BENEATH THE MOUND: CAPTAIN ALEXANDER HAMILTON SHULTZ
The key to discovery is questioning. Through the seemingly simple question of “Why? Why is there a mound in the middle of rows of grave-stones in a cemetery?”, Local History Librarian Beverly Kane unearthed a mystery.
Kane’s curiosity led her to examine a map of Rhinebeck Cemetery which revealed that A H Schultz purchased two plots at that location. Further research in Deaths, Marriages, and Much Miscellaneous From Rhinebeck, New York Newspapers 1846-1899 Volume 1, Deaths confirmed that Alexander Hamilton Shultz was buried in a family vault in the Methodist section of the cemetery.
The story begins. In the family history Christian Otto Schultz and his American Descendants compiled by Enid Dickinson Collins, Alexander Hamilton Shultz born on August 15, 1804, son of Lucas, grandson of Peter, great grandson of early Palatine settler Christian Otto Schultz, is called “Captain”. Collins’ source is Edward Harold Mott’s Between the Ocean and the Lakes; the Story of Erie.
“Capt. A. H. Shultz, the pioneer Erie steamboat Captain, was born at Rhinebeck. Before there were railroads in Central and Western New York, he ran stages between Rochester and Buffalo. Later he ran a steamboat between Amboy, N. J. and New York. He began in the Erie service January 1, 1841, having been harbormaster under Governor Seward, before the railroad was in operation, and continued until 1844.”
When the schedule for the two modes of transportation, train and steamboat, was published in New York in 1842, Alexander’s business acumen became apparent.
“The ‘Winter Arrangement’, made December 12, 1842, announced that the cars, on and after that date, would ‘run in connection with the steamboat ‘Arrow” (Capt. A. H. Shultz), daily except Sunday.“
That same pioneering spirit evident in Alexander’s Great Grandfather Christian Otto Schultz as he sailed from Rotterdam on the ship “Hope” in 1734 appeared in Capt. Shultz throughout his many challenges. University-educated Christian Otto was trained as a civil engineer and became a teacher, but he began his first days on American soil as a farm laborer. His descendant Alexander became one of the pioneers of transportation in America.
“The winter of 1843 was one of the hardest on record. Capt. Shultz made his two trips on the Hudson River daily between New York and Piermont, although the ice was twelve inches thick, missing but one trip. April 28, 1843, in recognition of this, the people of Piermont presented him with a solid silver snuffbox, lined with gold.”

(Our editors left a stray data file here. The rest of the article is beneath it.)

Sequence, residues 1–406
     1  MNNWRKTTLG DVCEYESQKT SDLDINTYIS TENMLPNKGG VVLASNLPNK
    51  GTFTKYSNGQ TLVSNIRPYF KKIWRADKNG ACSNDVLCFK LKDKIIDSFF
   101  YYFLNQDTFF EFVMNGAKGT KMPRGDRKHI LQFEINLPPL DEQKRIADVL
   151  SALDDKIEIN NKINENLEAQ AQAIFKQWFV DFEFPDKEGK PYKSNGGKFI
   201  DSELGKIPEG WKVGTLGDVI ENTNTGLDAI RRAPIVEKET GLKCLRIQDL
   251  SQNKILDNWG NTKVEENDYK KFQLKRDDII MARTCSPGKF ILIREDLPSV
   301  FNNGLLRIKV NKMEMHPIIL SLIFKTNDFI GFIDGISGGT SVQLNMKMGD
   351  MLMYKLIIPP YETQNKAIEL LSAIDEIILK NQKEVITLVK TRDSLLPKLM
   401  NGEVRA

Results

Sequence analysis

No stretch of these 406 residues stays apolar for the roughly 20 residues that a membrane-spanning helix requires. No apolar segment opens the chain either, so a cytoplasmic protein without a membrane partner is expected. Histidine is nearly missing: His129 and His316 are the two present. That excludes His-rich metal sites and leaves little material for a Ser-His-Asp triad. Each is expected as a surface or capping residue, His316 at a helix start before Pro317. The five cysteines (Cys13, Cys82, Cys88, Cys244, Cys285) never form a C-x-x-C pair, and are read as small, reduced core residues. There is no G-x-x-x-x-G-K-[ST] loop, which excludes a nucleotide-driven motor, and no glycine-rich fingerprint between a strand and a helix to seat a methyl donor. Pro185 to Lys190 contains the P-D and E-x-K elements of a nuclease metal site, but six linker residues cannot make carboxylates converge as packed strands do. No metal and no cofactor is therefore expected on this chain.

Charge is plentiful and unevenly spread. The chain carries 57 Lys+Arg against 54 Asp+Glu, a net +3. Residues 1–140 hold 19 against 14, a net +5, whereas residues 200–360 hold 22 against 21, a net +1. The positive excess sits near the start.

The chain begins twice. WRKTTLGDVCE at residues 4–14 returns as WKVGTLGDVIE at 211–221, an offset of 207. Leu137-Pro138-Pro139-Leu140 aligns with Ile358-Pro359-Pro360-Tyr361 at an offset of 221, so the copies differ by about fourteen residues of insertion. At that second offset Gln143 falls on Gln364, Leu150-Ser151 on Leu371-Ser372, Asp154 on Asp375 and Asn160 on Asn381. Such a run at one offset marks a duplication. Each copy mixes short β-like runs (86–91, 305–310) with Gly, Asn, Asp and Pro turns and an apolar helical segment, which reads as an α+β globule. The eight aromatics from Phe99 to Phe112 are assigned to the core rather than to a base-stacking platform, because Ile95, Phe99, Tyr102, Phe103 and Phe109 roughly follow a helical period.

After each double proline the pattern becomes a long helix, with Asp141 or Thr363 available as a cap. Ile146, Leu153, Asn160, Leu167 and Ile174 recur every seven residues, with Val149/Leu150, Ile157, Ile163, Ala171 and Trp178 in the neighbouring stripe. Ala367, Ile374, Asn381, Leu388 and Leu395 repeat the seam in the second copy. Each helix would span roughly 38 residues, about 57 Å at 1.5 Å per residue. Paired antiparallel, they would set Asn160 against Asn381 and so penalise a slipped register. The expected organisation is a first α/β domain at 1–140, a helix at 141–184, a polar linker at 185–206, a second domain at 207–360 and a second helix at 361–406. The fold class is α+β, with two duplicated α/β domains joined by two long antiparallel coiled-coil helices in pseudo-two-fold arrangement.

Much as the original German settler Christian Otto did, Alexander Hamilton not only created opportunities but was also willing to take risks.
“In September, 1846, Capt. ‘Alec’ Shultz, who owned the Hudson River steamboats that ran in connection with the trains at Piermont, and who seems to have been a man with no inconsiderable ‘pull’ in Erie transportation affairs, con-ceived the idea of an excursion over the railroad, and down the river and bay to Coney Island, then a sand barren, ex- cept at its northern extremity, where famous clam bakes were served. The idea meeting with the approval of Super-intendent H. C. Seymour and his lieutenant, S. S. Post, the event was announced.”
The excursion was not a success for several reasons not the least of which was a train accident considered the “first serious accident in the history of the railroad” only about six weeks earlier.
Although it is uncertain when Alexander began his position as “Alderman from the Fifth Ward of New York”, it is known that he was in “Government service for many years” before his death at Philadelphia on the 30th of April in 1867.
Despite his death, the story does not end. Interns under the direction of Beverly Kane at the Rhinebeck Cemetery discovered the headstone of Lucas Shultz, Alexander’s father, buried near the mound. It is unknown how many years ago the headstone was buried, but it was preserved beneath the ground and is in remarkable condition. Nearby, beneath the mound, Alexander Hamilton Shultz’s vault remains…?
Making history come alive is not merely compiling facts. It is sharing the stories of humans, their strengths and their weaknesses. It is the stories that reveal how those who lived before us remain relatable to each succeeding generation. It is the stories that remind us that all humans are not infallible. It is the stories that enable us to understand the triumphs celebrated and the defeats endured throughout history. By focusing on one individual, then one family, one community, one region, one nation, one world, we keep our history alive. Sometimes these stories are shared by our forefathers, but perhaps even more frequently the stories are discovered with one seemingly simple question.
More about Alexander Hamilton Shultz:
Collins, Enid Dickinson. Christian Otto Schultz, 1712-1785 and His American Descendants. E.D. Collins, 1943.
Kelly, Arthur C. M. Deaths (Vol. 1), Marriages (Vol. 2) and Much Miscellaneous from Rhinebeck, New York Newspapers, 1846-1899.
Mott, Edward Harold. Between the Ocean and the Lakes: the Story of Erie.